Are we, then, likely to be brought into collision with Russia in order to prevent an invasion of central Europe by the "New Huns?" We confess that we think this to the last degree improbable. It may be presumptuous to disagree with a writer so profoundly acquainted with Russia and so able as Buddeus, whose remarks upon this subject in Russlands Sociale Gegenwart should most certainly be read; but we have been too much accustomed to the panic fear with regard to Russia, which prevails from time to time in Germany, to attach the same importance to his views upon this as upon other subjects. Germany is in some respects fifty, in some a hundred,. years ahead of Russia, and if she has anything to fear from that country, it is entirely If Germany becomes united, or anything like united, round a free Prussia, she may laugh at the bare idea of peril from Russia. If there were any danger of her falling, for any length of time, into the hands of such rulers as Bismark and his friends, no reasonable. Of course, the Russian people has inhuman being need care how soon the Cos-clinations of conquest; what people has sacks are encamped in the Mark of Bran- not? This very Chamaiakoff astonished denburg. a friend of ours by his minute knowledge about India, and the way in which his mind seemed dazzled by the possibilities of Russia's future there. Long, however, is the way from inclinations to acts. the Russian people once be the masters of their own destiny, and the seventh part of the land surface of the globe, with some moderate rectifications of frontier, will seem, we think, enough for them.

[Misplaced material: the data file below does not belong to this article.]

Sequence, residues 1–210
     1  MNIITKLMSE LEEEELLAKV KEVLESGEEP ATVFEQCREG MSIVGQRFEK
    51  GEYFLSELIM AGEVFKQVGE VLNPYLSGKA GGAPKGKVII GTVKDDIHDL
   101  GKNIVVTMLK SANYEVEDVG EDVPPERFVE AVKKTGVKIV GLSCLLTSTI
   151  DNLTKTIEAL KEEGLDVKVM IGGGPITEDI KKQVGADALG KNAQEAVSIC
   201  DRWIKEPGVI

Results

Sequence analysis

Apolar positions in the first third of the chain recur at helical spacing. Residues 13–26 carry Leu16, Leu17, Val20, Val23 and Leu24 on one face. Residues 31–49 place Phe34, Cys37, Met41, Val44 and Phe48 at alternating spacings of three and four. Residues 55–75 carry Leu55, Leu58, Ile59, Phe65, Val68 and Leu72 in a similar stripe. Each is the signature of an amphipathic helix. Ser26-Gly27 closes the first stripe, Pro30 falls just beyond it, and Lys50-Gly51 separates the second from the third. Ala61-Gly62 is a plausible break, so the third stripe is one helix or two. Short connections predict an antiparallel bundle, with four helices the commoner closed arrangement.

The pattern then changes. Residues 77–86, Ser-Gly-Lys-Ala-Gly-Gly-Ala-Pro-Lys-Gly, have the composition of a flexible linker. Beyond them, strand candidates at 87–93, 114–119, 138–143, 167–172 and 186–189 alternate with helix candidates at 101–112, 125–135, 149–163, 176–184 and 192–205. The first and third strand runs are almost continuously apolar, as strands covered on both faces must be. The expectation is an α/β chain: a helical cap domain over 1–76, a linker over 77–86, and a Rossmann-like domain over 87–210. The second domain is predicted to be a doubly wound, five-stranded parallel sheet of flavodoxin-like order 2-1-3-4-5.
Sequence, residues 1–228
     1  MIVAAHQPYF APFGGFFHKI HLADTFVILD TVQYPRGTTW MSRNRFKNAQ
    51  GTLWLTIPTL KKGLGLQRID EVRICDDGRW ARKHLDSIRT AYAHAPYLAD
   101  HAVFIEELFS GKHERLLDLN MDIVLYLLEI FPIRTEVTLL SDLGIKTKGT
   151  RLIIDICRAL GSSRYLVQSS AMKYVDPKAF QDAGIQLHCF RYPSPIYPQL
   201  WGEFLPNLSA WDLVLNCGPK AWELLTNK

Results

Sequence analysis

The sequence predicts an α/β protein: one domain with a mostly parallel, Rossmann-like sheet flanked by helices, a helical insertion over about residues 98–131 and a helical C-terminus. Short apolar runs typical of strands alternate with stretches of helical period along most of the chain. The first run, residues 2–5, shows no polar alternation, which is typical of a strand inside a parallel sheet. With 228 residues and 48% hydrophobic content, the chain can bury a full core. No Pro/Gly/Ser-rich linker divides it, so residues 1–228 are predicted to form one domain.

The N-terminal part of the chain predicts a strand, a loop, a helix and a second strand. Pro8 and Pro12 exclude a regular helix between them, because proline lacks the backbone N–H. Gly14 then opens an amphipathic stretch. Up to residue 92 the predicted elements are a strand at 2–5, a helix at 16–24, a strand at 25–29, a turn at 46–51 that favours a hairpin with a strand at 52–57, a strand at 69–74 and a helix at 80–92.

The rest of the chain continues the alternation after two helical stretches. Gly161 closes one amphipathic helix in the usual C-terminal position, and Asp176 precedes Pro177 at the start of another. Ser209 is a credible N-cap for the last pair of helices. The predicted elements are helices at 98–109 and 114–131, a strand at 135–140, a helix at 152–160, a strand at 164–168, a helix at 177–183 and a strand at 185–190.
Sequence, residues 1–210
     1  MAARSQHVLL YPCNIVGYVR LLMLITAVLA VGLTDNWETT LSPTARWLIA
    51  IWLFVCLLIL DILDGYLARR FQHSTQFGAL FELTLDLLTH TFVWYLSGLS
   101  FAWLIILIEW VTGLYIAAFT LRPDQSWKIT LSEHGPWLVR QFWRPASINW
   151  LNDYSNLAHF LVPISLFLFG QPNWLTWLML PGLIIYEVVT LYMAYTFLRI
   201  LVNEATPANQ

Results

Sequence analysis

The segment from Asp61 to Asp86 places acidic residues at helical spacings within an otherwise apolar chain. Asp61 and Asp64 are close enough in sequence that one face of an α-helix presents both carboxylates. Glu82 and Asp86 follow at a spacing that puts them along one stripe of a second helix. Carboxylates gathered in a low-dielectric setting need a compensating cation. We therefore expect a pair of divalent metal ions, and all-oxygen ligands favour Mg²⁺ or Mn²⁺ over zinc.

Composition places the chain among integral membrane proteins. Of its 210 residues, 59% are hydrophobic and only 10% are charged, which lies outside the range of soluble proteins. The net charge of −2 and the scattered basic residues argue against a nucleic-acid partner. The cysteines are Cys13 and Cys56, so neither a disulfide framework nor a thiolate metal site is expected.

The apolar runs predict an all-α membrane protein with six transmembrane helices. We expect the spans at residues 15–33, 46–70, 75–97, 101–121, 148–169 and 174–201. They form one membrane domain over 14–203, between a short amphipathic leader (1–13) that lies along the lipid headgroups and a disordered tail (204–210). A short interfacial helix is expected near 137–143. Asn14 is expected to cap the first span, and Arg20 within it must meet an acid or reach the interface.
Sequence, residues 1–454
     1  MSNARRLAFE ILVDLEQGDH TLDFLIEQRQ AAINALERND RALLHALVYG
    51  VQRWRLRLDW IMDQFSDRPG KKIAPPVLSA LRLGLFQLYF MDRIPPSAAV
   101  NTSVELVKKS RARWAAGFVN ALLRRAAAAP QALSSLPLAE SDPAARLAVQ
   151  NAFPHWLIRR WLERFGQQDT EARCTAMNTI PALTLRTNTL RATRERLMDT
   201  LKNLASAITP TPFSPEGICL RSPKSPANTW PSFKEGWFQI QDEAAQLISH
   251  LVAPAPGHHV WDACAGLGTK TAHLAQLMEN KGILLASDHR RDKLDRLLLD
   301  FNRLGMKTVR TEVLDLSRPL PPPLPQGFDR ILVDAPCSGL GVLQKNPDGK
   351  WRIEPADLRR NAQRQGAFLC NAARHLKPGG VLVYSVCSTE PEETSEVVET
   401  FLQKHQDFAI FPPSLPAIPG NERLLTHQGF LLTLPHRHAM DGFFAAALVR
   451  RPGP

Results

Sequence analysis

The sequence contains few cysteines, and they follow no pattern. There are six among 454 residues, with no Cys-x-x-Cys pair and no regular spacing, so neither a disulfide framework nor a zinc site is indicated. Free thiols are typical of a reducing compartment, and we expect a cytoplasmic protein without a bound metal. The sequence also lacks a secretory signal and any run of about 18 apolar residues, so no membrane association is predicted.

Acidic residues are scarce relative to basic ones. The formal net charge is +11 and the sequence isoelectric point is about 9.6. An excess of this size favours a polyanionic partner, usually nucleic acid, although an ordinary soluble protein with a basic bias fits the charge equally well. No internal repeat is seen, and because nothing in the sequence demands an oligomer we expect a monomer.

her own fault.